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Nation needs to celebrate and support ‘publicness’ of public education

Former HUD Ethnic minority leaders discuss importance of public education for communities of color


NEW ORLEANS - July 03, 2010 -

Hundreds of teachers and education support professionals from across the nation joined scholars, authors, policy experts and elected officials from the ethnic minority community to discuss the issues of race, education and culture in America. The panel, The Emerging Majority: A Paradigm Shift, was hosted by the National Education Association’s Office of Minority Community Outreach as part of NEA’s 148th Annual Meeting and 89th Representative Assembly in New Orleans. 

Speaking to the audience prior to the panel discussion, NEA President Dennis Van Roekel said NEA members are committed to challenging the status quo and becoming agents of change. He announced a new partnership with Kappa Alpha Psi Fraternity, Inc., to provide mentoring for NEA’s Priority Schools program.  He was joined by Kappa Alpha Psi Grand Polemarch Dwayne M. Murray for the announcement.

Syndicated television show Judge Glenda Hatchett moderated the panel discussion that included former Secretary of the U.S. Department of Housing and Urban Development (HUD) Henry Cisneros, Rainbow/PUSH founder Rev. Jesse Jackson, CBS News Early Show national correspondent Hattie Kaufman, and Karen K. Narasaki, president and executive director of the Asian American Justice Center. The lively and provocative discussion covered a range of topics, including achievement gaps, the dropout rate in minority communities and school funding.

Former HUD Secretary Cisneros told educators that the education of students of color is the key to America’s future.  U.S. Census Bureau figures indicate that by the year 2050, half of the growth in the U.S. population will be among Latinos, he said.  “If we don’t address education gaps for minorities in the United States—Latinos included—the United States will not be able to compete with China, India, and other nations in the emerging global economy.” 

The Asian American Justice Center’s Narasaki expressed concern about standardized tests and how poorly they measure the knowledge of English language learner students. Schools are becoming so afraid of being penalized for low test scores among English language learners, she said, that those students are quietly being pushed out.  “It can’t be the nation’s goal to get rid of all the students who don’t test well,” Narasaki said.  “Aren’t we supposed to educate those kids as well?” she asked.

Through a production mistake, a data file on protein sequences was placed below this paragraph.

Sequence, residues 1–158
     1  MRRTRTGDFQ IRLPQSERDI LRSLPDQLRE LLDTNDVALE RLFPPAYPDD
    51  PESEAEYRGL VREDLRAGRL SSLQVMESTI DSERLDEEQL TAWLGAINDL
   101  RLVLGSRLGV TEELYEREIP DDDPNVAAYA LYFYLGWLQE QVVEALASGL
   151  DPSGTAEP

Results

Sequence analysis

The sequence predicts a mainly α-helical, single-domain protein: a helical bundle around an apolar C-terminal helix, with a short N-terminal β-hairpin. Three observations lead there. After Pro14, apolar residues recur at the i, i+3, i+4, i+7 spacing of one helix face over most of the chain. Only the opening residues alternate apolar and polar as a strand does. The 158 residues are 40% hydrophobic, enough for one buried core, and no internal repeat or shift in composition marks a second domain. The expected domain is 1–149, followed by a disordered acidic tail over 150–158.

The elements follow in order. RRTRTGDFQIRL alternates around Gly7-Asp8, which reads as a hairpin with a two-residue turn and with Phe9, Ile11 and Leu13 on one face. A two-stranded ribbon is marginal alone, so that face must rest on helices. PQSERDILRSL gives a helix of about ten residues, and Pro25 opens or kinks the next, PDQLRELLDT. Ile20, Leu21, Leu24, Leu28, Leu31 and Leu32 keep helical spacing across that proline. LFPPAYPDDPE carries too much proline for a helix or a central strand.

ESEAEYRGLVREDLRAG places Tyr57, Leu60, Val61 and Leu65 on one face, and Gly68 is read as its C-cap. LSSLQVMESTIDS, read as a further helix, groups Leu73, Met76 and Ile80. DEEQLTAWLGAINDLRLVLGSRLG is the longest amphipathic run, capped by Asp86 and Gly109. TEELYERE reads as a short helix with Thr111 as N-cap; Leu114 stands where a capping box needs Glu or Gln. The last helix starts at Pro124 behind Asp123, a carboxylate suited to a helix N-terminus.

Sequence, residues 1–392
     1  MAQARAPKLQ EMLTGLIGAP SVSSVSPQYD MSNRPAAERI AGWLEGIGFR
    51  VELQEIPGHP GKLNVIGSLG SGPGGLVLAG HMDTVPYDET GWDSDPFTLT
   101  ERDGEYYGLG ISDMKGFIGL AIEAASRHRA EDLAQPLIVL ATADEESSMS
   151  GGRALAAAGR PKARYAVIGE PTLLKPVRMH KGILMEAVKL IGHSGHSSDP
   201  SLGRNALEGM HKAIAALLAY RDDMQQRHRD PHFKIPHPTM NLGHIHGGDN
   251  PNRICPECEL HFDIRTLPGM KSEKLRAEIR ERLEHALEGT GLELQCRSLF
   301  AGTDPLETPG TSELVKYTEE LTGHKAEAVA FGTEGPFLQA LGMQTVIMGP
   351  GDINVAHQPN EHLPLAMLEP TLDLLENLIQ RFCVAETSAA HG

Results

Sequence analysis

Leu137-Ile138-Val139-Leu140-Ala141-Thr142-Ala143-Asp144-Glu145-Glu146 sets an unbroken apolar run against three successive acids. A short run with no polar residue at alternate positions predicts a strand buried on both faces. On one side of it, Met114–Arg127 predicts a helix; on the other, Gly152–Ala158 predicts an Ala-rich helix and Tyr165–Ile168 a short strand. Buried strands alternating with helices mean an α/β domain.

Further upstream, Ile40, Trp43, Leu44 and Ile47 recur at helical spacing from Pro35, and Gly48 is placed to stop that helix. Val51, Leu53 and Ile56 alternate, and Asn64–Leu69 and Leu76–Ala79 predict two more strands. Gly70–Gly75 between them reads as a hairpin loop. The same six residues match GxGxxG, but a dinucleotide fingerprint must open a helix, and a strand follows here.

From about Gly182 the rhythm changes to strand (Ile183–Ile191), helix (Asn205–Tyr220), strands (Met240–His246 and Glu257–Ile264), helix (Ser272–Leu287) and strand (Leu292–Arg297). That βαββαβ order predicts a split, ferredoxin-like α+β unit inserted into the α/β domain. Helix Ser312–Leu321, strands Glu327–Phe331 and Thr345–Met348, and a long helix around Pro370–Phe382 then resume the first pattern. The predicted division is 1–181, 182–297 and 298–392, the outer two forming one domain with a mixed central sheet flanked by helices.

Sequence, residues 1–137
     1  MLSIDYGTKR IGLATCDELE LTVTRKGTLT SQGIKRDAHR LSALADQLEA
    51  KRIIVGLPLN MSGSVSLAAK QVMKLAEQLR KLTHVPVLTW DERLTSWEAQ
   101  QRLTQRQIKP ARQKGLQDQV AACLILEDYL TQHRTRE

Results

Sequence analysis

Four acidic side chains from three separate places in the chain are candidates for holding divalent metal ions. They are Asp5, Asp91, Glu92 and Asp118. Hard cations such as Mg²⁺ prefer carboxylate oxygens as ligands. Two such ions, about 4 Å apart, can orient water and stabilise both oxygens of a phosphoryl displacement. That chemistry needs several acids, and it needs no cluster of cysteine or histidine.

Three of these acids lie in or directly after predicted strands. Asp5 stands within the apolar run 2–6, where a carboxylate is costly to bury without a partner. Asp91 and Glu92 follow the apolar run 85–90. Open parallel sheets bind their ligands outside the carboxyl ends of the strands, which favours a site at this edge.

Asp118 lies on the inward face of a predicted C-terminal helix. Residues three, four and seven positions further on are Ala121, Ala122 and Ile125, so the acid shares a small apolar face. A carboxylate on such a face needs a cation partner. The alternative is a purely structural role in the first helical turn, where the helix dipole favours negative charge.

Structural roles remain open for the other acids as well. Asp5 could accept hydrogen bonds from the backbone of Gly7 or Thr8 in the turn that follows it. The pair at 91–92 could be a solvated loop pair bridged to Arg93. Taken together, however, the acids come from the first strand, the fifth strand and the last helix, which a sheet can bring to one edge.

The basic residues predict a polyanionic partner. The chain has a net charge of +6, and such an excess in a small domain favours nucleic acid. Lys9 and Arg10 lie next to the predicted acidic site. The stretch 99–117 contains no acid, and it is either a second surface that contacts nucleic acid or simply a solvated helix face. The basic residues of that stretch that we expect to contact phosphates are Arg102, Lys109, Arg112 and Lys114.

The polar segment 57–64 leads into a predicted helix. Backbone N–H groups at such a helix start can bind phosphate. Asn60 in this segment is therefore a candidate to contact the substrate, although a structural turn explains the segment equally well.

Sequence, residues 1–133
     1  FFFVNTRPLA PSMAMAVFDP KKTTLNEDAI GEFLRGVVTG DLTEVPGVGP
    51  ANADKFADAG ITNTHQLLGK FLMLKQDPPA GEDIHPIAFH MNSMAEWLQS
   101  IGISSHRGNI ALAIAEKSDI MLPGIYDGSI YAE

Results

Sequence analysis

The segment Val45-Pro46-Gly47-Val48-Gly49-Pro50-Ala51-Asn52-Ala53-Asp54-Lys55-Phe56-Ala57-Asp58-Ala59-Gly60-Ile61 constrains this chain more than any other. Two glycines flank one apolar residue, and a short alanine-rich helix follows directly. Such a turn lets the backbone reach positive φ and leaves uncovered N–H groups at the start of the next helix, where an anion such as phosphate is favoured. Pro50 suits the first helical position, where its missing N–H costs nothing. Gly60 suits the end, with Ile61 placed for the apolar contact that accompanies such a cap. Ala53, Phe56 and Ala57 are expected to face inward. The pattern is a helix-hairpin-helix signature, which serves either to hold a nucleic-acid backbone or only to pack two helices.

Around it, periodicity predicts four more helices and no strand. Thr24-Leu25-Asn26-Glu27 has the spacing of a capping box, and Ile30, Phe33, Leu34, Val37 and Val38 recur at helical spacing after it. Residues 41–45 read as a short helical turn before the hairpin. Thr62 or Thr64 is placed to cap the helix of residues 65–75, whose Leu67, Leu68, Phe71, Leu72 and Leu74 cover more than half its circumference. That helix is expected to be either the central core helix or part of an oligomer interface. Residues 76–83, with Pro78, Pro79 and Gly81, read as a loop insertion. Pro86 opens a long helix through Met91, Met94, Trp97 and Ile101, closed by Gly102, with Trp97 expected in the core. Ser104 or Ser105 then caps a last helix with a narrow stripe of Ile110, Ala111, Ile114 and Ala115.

The panelists all agreed that significantly more parental engagement is essential to raising student achievement. Narasaki and Cisneros pushed for more programs for parents to learn how to be involved in their children’s education and how to be better parents. 

Panelists also discussed the importance of equal funding so that all children have access to quality public schools, regardless of family income or geography. CBS News correspondent Kaufman pointed out the severity of state budget crises are forcing drastic cuts in education programs and personnel.

The Rev. Jesse Jackson said America must have the will to do what is right. “We have created a whole priority structure that’s just wrong,” he told educators. “We can’t expect all kids to race to the top; some of them must be lifted from the bottom first.”  

Cisneros said the nation must celebrate and support what he called the “publicness” of public education.  America needs public education, he said. “It is the engine by which we create a middle class; it is the engine by which we create upward mobility. It is an engine that has proven itself by creating judges, Nobel Prize winners, and university presidents.”

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The National Education Association is the nation’s largest professional organization, representing
3.2 million elementary and secondary teachers, higher education faculty, education support professionals, school administrators, retired educators and students preparing to become teachers.

CONTACT: René Carter  (202) 422-7948, rcarter@nea.org